I have just completed a HEFCE survey about accreditation of degree courses by the British Computer Society (BCS) that has the aim of soliciting opinion about whether accreditation of courses can be used to enhance graduate employability. The details of the survey are unimportant but what is certainly not addressed in the survey is whether or not accreditation is worthwhile. It is assumed that accreditation is a good thing and that tweaking the process will improve employability. Unfortunately, I believe that the current accreditation process as adopted by the BCS stifles innovation and provides spurious respectability to degree courses that produce graduates that are simply not very good.
If we look at employability statistics, there is a close correlation between the input qualifications and graduate employment after 6 months. This is not even slightly surprising – employers want to hire the most able students and hence these graduates are the ones who have no problem in getting jobs. What is covered in their degree course is largely irrelevant so long as there is a sound fundamental understanding of programming, abstraction and algorithms. With this as a basis, these graduates can easily learn new technologies and will do so several times in their working life. Accreditation of the courses taken by these students is unimportant – I don’t like it because it tends to stifle innovation but, apart from the waste of academic time in the involvement in the accreditation process, it is not particularly damaging.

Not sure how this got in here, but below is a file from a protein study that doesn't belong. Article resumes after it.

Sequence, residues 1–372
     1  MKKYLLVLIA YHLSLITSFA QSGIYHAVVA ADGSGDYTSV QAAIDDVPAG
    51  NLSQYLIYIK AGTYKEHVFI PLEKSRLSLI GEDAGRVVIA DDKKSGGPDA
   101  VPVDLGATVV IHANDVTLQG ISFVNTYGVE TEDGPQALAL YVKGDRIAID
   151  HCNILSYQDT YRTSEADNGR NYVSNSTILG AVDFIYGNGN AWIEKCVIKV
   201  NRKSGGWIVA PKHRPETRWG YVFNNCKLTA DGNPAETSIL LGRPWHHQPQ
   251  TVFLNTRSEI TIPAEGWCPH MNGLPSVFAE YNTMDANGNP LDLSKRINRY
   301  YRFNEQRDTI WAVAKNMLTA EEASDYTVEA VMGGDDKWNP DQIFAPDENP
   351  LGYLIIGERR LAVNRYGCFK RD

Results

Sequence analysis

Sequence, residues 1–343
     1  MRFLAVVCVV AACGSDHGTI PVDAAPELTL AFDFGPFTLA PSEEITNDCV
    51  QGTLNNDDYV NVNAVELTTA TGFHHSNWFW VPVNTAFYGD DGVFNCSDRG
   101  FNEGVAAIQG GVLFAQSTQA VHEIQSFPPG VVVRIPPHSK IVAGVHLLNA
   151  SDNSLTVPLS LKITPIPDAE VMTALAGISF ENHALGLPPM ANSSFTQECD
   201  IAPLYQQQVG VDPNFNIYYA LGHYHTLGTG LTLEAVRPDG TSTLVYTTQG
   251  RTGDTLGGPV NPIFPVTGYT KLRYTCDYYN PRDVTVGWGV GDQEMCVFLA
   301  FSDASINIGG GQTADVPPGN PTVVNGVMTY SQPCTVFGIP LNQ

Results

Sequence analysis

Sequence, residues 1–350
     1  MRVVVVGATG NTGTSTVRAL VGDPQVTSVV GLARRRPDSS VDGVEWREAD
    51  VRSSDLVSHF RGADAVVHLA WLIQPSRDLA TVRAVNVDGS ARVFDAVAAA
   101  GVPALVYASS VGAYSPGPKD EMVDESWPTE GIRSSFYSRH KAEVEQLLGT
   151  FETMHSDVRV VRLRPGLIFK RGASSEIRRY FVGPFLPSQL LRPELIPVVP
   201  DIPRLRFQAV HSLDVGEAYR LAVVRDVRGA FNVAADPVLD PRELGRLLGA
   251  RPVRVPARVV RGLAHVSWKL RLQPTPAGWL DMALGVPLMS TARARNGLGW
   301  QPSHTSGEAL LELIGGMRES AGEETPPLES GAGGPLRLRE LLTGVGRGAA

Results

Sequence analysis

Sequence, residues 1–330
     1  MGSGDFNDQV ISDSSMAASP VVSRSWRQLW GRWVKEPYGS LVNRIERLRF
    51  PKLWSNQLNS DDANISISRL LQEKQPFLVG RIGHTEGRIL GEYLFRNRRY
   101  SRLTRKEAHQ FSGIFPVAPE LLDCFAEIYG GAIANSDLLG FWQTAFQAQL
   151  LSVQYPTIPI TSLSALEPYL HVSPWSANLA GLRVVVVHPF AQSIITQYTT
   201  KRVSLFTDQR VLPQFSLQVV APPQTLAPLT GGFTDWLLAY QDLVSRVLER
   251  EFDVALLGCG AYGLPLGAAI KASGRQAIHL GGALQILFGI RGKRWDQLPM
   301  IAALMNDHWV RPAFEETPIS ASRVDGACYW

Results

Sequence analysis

Not all students entering computer science and related degree courses come with high input qualifications. In fact, probably the majority of CS students are accepted into degree schemes with relatively low entry requirements. It would be invidious to single out particular institutions but the reality is that many universities are financially reliant on maintaining a large intake to their computer science courses so, to make up numbers, accept students without paying too much attention to whether or not their background and qualifications level is appropriate.
Now, I do not believe that computer science should be an elitist profession and that these students should be denied opportunities to study the subject. What these students need is a course that is tailored to their background where much more time is spent on fundamentals simply because it takes their students longer to master these basics of the discipline. My experience is that in some universities it is possible to graduate in computer science with a good honours degree but be unable to construct a non-trivial computer program. These students may well know about business skills or whatever the pet interests of course lecturers are but without the mastery of fundamentals, they simply cannot adapt to modern software engineering.
Unfortunately, a course that simply focused on fundamentals would find it it difficult to be accredited under the current process. There is a set of requirements (hoops) that degree schemes must meet, topics that are expected to be covered and universities have to jump through these hoops in order to be accredited. While the accreditation process is not quite ‘one size fits all’ , my experience is that there is an expectation from people on accreditation panels that certain topics will be covered and so universities simply don’t have the option of delivering the fundamentals of the discipline.